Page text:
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  • Writer's pictureElliot Figueroa

Hispanic, Puerto Rican or Other; A personal understanding.

“Don’t be talking like no ‘Rican!”

Those were the words that have stuck with me longer than the bump on my head from a spray can he smacked me with. Fatherly advice that ultimately would come to shape my understanding of racism in ways I am still coming to grips with. You see, my Dad meant more than just talk the talk. He meant to walk the walk and look the part. And it did not come from a place of reverse racism against our own culture but from a deep understanding of how our sun-tanned skin and the difficult pronunciation of our last name would impact every aspect of my life. It came from having spent his entire career proving himself beyond the perception of Puerto Rico’s third world-country-colony-commonwealth-state confusing status. I would soon come to realize that my experience, albeit different and less palpable, would be quite similar.

In the summer of ’89, we relocated to Central Florida, the land of Mickey Mouse. This was adventurous but certainly not a holistic joyous occasion for my Dad as he had to give up his career and a source of great pride. By this time in his profession, he had ascended to the C-Suite and had regional duties with one of the country’s largest auto parts distributors and retailers. More impressive than simply having achieved this was having done it rising from the local ranks of the company’s Puerto Rican locations. By his own account, he did not credit his success to his education or his prowess in office politics. Instead, he routinely reminded us that it was important to be the smartest person in the room and that did not necessarily mean the one with the most schooling. This notion was largely attributed to how you communicated with people. How you said things being far more important than what you said. He often compared it with speaking “Shakespearean when you need to speak Shakespearean” and “Street when you need to speak Street.” But most important was knowing when to speak which.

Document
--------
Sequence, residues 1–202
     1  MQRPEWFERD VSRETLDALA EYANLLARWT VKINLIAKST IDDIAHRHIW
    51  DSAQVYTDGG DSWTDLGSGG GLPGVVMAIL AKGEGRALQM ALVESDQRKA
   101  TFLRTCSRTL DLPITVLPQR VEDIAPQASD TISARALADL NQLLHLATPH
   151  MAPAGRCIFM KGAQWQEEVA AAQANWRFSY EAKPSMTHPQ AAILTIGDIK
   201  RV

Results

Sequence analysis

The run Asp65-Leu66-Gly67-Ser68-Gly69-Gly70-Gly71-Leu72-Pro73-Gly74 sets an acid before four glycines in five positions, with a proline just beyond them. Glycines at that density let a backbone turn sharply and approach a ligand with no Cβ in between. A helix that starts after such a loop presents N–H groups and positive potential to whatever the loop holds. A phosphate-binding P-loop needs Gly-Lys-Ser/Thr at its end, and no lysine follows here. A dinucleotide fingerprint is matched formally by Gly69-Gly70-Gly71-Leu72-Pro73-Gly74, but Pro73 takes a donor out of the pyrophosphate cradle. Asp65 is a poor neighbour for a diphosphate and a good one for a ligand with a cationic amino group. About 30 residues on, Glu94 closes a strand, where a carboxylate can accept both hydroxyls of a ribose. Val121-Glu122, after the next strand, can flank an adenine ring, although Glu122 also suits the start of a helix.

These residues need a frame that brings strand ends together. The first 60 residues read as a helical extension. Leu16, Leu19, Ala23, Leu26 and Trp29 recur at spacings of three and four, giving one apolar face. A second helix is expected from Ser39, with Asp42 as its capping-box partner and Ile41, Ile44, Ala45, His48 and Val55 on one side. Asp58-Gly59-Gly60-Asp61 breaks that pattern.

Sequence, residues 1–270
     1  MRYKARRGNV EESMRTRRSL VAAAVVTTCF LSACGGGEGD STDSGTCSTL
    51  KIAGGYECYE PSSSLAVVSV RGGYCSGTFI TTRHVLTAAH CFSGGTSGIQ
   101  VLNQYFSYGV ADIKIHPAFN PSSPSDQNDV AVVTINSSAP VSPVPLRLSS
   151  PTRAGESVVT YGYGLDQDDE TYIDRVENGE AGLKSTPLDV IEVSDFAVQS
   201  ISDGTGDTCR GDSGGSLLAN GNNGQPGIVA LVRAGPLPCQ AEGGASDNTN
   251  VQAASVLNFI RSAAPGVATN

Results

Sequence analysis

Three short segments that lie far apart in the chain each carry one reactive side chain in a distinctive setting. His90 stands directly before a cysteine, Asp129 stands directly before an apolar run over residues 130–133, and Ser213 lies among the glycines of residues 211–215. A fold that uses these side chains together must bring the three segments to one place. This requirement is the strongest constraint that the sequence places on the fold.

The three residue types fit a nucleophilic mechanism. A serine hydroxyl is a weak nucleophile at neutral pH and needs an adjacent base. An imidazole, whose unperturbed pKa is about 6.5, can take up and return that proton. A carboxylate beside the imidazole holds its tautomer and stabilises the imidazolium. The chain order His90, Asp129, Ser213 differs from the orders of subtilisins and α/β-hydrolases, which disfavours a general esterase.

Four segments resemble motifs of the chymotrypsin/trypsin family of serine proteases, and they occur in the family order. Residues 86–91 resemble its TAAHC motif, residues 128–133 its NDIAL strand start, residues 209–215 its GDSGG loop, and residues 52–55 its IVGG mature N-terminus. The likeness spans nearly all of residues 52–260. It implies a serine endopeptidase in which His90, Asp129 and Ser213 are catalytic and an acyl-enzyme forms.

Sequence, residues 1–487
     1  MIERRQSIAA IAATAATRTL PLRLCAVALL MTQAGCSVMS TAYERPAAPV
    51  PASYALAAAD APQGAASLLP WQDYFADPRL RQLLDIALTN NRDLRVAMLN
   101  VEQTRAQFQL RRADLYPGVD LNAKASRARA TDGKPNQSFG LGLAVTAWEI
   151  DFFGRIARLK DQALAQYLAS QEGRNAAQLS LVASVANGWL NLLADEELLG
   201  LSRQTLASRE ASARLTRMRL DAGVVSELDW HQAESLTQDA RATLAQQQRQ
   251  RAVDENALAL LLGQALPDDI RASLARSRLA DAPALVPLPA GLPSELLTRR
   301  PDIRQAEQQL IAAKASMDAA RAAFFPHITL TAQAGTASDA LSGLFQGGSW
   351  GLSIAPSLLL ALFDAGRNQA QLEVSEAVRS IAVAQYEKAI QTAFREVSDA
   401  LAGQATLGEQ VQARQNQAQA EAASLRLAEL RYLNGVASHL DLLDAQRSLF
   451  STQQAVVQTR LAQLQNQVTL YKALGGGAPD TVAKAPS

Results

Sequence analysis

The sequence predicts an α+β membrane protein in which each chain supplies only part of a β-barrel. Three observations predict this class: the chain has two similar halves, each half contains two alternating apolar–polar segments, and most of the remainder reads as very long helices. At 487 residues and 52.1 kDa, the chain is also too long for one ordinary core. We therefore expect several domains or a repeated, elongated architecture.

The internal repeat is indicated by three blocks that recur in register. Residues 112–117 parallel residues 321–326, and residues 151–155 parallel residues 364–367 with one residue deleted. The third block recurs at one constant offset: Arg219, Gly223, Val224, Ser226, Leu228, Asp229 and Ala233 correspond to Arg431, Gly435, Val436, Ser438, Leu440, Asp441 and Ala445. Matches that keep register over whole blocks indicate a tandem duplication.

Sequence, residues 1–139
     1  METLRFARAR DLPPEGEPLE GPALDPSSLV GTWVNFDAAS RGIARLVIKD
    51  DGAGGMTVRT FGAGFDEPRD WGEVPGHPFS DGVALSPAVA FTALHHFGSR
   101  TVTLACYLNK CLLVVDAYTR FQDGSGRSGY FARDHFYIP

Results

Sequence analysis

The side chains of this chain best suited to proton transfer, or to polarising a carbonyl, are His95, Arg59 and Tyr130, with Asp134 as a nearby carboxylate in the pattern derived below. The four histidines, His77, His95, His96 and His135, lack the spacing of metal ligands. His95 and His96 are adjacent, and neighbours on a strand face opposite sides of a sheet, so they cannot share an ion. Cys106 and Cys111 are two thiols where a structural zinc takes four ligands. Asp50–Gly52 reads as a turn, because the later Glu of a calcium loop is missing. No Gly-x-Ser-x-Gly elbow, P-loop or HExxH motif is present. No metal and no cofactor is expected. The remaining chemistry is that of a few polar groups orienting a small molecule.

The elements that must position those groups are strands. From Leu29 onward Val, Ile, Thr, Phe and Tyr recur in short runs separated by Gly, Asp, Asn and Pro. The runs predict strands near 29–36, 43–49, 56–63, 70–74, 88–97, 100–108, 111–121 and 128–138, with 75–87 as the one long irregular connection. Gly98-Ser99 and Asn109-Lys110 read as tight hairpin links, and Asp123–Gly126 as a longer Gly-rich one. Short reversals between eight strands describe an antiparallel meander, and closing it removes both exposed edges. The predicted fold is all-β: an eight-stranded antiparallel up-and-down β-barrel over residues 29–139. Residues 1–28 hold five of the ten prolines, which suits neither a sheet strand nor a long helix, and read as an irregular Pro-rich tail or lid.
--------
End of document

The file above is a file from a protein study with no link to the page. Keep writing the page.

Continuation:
And so, my Dad education was filled with advice on slowing down my speech, writing clearly, and using the correct annunciation and pronunciation. Mind you this was an arduous task as I began to formally learn English at the age of nine, by which time my cadence and rhythm of quick Caribbean Spanish had taken hold. As my brain transitioned to the new words and phrases, I often found my thoughts beyond the speed of my tongue and trampled over words repeatedly. This was much to the chagrin of my Dad who heard me speak to friends and family with an undeniable slang in order to capture entire thoughts without using entire sentences.

It wasn’t until I became of age, after the military, and began to apply and interview for potential careers, that I realized the depth of this advice. It was not simply about talking clearly, although being able to communicate with a team of employees is quite necessary. Instead, it was about shedding the conventional and stereotypical assessments that came with being from another country. I consider myself fortunate. In large part due to my lighter complexion, education, and certainly in choosing the hospitality industry as a career, I did not feel racism so bluntly. Yet this does not mean it was not present. My career path more than my overall success was shaped by my culture and yet I find myself asking for no reparations and I suffer from no regrets. I understood this at an earlier age than most and made accommodations for it.

This understanding, however, has led me to reconcile my success with the advice my father gave me. He wanted me to understand how to continuously code myself and therefore conduct myself differently with different people in ways that other races never have to. It instilled in me an ability to understand my audience and adjust my volume, pace, annunciation, and cadence in order to create as little cultural ripple as possible. The best validation of this idea was being told I did not “sound” Puerto Rican or that I “spoke English so well.” And yet it makes this clichéd remark no less bothersome and disturbing.

I do not look back at my career and see any opportunities I missed that were not in large part due to decisions I personally made. I do, however, look at the decisions I made and think that it if was not for my cultural wake, I would have made them differently.

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